The previous legislation required a boundary report to be submitted between 9 and 12 years after the submission of the previous report. The Boundary Commission for England submitted its 5th review in October 2006, so the next review would have been required to be submitted by 2018.

  38. @Anthony,

    Thanks. So there will likely be one after the next GE anyway.

  39. Incidentally, the legislation only refers to a report being submitted, not its recommendations being brought into law.

    Hence, if the 2011 Act was repealed after the next election, the next boundary review would not be due to happen until between 2021 and 2025, as the clock would start again from this review, even though it was never brought into force.

    In practice if Labour did win and change the law they’d probably pass brand new amendments, rather than just do a crude repeal, so this is academic, but there goes.

  40. ALLAN CHRISTIE

    “Labour spin doctors are about as credible as democracy is in North Korea.”

    Why always with the North Korea, already? I mean, come on. Parties left of Labour in the UK: the SNP, the Greens, Plaid Cymru, RESPECT. Hell, economically the BNP are to the left of Labour. Comparing us to North Korea is so reductive that the concept of hyperbole itself would say “Wow, that’s an exaggeration.”

  41. Just on the debate on the other thread, can I say thanks for the info about the PCS standing outside the Labour party on voting rights for the Labour leader. I didn’t know that, and stand corrected!

    I was actually talking to a friend of mine today who is in the PCS, and he told me a very interesting piece of information, that Mark Serwotka, as part of his campaign to be elected general secretary, actually pledged to take an average civil servants wage if elected. Of course once elected, he now earns a package in excess of £125k. I found that very interesting, but not surprising I must say.

  42. Phil
    “left voting tactically for the LDs in order to keep Conservatives out, most notably in the South West.”
    Ashcroft’s polling showed 10% of Lib Dem voters in current LibDem seats were tactical anti-Con voters, but 5% were tactical anti-Lab voters.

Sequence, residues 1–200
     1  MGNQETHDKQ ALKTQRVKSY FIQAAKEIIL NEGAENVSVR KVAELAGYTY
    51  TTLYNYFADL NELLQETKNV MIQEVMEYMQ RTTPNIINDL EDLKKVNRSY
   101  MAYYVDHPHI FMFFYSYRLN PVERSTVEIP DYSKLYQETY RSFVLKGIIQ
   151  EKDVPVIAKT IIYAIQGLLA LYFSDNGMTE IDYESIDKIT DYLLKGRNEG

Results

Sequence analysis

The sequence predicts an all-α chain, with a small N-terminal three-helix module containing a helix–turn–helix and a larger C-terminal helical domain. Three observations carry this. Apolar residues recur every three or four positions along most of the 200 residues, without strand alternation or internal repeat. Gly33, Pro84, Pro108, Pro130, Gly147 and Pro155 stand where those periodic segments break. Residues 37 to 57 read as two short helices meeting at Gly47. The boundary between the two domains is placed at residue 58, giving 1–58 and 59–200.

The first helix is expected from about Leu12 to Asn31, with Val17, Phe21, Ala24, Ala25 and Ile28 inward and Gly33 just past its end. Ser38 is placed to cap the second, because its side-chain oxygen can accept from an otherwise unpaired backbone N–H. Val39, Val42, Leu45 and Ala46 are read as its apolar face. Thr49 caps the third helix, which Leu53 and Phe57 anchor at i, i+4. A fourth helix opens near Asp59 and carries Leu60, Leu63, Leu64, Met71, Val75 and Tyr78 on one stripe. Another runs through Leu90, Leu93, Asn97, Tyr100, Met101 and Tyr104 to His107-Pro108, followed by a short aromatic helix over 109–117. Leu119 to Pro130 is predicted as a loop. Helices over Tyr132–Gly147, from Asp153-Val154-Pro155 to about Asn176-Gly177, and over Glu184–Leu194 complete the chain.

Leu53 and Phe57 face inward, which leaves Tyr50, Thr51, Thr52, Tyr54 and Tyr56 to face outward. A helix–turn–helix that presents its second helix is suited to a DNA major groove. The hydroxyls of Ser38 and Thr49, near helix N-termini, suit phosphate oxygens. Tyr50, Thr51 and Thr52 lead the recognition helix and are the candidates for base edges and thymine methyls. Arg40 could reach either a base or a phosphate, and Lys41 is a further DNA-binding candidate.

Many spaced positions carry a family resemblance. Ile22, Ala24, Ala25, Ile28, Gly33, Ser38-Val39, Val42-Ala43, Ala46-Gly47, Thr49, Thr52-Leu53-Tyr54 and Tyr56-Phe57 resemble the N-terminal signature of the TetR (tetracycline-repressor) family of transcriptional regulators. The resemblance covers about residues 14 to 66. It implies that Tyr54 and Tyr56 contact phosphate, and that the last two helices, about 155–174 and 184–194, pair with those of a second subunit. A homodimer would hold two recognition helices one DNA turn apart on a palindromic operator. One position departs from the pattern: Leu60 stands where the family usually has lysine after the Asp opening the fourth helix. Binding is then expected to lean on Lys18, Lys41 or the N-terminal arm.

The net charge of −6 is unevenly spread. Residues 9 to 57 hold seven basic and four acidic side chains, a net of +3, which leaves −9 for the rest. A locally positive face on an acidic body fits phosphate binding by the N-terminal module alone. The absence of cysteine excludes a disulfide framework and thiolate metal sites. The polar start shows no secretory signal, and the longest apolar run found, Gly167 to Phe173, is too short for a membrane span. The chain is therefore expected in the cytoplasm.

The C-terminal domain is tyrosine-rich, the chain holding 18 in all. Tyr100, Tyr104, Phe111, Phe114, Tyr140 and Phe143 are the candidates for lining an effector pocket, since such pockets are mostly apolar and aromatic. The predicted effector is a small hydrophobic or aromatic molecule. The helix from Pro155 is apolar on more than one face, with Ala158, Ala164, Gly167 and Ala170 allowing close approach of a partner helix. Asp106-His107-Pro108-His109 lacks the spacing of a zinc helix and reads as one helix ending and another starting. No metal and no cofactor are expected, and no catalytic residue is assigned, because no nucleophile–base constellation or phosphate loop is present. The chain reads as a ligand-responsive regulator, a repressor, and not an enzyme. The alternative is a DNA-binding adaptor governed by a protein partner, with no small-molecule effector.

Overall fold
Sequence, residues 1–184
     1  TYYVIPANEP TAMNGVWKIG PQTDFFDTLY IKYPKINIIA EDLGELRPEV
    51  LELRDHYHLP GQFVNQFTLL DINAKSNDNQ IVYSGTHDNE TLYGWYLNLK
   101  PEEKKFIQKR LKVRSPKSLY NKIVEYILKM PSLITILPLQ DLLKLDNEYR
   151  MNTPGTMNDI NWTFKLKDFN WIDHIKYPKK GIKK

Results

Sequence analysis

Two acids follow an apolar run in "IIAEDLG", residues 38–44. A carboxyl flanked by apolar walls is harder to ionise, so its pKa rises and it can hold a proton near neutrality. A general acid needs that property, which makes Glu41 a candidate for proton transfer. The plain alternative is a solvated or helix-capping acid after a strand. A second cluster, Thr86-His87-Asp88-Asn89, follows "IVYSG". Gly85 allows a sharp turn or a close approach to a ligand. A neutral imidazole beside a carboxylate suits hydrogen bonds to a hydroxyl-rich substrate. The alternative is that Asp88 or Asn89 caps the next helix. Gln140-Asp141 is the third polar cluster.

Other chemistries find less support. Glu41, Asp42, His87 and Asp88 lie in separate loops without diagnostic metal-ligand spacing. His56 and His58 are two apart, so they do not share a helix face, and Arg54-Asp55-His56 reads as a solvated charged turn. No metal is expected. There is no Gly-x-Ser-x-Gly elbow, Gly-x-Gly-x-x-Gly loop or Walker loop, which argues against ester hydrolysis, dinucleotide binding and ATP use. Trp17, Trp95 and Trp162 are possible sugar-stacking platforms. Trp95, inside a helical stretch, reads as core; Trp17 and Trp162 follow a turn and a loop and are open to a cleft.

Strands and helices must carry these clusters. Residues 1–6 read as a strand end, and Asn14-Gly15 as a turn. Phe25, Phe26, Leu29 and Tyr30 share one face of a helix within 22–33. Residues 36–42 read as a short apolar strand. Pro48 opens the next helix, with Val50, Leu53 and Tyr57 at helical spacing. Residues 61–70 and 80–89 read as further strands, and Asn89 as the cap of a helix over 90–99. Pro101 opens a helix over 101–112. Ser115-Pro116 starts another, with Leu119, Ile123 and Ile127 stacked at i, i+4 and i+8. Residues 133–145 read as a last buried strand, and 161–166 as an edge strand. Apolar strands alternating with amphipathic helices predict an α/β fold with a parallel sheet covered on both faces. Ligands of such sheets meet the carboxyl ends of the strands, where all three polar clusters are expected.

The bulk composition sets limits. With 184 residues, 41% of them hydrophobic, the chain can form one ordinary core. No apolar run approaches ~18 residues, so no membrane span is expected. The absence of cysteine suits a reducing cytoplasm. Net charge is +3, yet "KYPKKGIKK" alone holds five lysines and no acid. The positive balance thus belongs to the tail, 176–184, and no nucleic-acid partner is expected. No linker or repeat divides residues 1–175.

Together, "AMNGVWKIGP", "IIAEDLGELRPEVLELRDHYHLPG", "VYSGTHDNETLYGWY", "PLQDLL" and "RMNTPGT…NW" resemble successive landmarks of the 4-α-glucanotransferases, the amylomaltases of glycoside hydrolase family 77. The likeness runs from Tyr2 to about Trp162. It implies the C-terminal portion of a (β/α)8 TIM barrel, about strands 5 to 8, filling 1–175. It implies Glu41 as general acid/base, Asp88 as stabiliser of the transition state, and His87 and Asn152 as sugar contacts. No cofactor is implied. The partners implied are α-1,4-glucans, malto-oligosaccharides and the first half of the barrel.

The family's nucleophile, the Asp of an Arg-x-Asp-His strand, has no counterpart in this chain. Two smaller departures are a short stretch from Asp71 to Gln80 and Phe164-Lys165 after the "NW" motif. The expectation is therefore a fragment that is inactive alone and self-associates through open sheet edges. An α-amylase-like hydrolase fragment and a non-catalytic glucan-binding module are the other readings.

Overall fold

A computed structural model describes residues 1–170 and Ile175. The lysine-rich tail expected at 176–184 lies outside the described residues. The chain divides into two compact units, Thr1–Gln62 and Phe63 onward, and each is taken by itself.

So even losing the ‘pure’ anti-Con tactical voters would only knock a small portion off LibDem VI.

  43. Apropos of nothing in particular, the statement from Mervyn Barrett, who was running as an independent candidate in the police elections in Lincolnshire on why he is standing down from the election is startling!

    http://www.lincsfm.co.uk/news/local-news/full-statement-from-mervyn-barrett/

    I did see some mentions in articles about the election in Lincolnshire of Barrett running in third place in the “polls” and ponder how on earth there were polls of the race. It seems there weren’t….

  44. Tinged

    But were the anti con tactical voters in the same seats as the anti lab tactical voters. That would be strange but there is nowt so queer as folk, so I’ve heard

  45. AW

    What a story but he should still stand, he might get something out of the wreckage.

  46. AW

    As you say-bizarre.

    “Naive “doesn’t really come near it.

    That he met this bloke at NACRO really puts the tin hat on it :-)

  47. R-i-N: I’m not sure if you get your deposit back if you withdraw after close of nominations, but before last date for withdrawal.

    If you do he could probably do with the £5k to pay some of the debts that have been run up in his name, poor guy.

  48. AW

    Re the Mervyn Bennett statement. Perhaps he should look at himself more than he appears to be doing. He allowed someone he did not really know, access to his bank account to pay for various parts of a campaign. Perhaps if Mervyn had paid attention to what this campaign manager was doing, he would have realised what was happening.

    Are these prospective Police commissioners spending a lot of money on campaigns ? I don’t think they should be allowed to spend more than say £5k at the most. The Home Office should be funding a basic level of campaigning costs, such as local newspapers adverts, hiring of local town halls for meetings. This would hopefully avoid wealthy individuals buying the jobs through massive campaigning.

  49. A look at how the QE money could have been used in the states, I wonder if anyone has done the same one of sums with British QE

1 2 3